David Einhorn, the founder of Greenlight Capital (a $9 billion hedge fund) has generated an annualized 16.5 percent return for his investors (1996 – 2016). Although Greenlight Capital barely received a “D” rating on performance this past year (due to failing short bets on Amazon and Tesla), Einhorn is regarded as one of the top performing investors over the past decade – he accurately predicted the downfall of Lehman Brothers’ ahead of the 2008 crisis.
Widely known as a value-oriented investor, Einhorn is viewed as one of the most transparent hedge fund managers in the business. Einhorn’s investment strategy is one that emphasizes the idea that “intrinsic value will achieve consistent absolute investment returns and safeguard capital regardless of market conditions.” According to Einhorn, his investment process is as follows:
“We take the traditional value investor’s process and just flip it around a little bit. We start by identifying situations in which there is a reason why something might be misunderstood, where it’s more likely investors will not have correctly figured out what’s going on. Then we do the more traditional work to confirm whether, in fact, there’s an attractive investment to make. That’s as opposed to starting with something that’s just cheap and then trying to figure out why. We think our way is more efficient.”
Einhorn is also widely known for having a concentrated portfolio, as a single stock can make up a 20 percent weighting. With this portfolio concentration in mind, let’s take a look at Greenlight Capital’s top portfolio holding.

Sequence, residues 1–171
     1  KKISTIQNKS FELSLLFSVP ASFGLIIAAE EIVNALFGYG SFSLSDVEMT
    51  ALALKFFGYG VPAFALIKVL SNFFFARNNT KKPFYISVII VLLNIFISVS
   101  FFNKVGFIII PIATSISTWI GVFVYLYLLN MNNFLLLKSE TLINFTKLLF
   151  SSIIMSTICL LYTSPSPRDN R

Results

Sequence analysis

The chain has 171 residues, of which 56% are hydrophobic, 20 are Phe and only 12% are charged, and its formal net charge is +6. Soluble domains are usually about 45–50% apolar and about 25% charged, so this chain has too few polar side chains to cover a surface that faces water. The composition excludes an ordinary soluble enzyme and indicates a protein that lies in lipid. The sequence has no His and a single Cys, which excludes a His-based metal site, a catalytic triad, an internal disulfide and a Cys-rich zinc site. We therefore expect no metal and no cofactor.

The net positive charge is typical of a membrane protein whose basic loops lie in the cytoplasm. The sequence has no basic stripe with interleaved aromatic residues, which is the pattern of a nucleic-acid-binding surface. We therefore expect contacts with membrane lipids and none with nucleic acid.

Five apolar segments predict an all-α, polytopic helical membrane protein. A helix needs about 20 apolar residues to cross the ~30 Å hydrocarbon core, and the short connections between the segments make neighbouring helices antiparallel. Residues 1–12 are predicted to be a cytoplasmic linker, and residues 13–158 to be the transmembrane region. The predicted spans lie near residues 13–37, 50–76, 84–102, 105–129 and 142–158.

Top Holding: General Motors Co (NYSE:GM)
Einhorn has been very vocal about his bullish outlook on General Motors. In Einhorn’s view, General Motors’ management has done a good job at implementing cost cutting initiatives whilst channeling its focus. According to Einhorn, “General Motors is now focused on four brands: Chevy, Cadillac, GMC and Buick, and is financially healthy and thriving.”
Additionally, Einhorn believes that the rise of on-demand driving apps is overstated and will not effect the demand of auto sales in the long-term, if at all. This a contrarian view, as many analysts believe that long-term automobile sales will decline in response to autonomous driving and on-demand apps (i.e. Uber). Regardless of whether or not this is true, General Motors maintains the leadership position in autonomous driving technology amongst the “legacy automakers.” In 2016, GM acquired Cruise Automation (a tier-1 autonomous driving startup) for $1 billion and launched Maven, the company’s wholly-owned car-sharing service.
Consistent with Einhorn’s value-oriented strategy, General Motors is trading at a low multiple relative to its peers. At the time of writing, General Motors is trading at 8.86 times earnings with a forward price-to-earnings ratio of 6.97. Between General Motors’ low valuation, high dividend payouts, and growth prospects, it’s easy to understand why Einhorn is bullish on the company.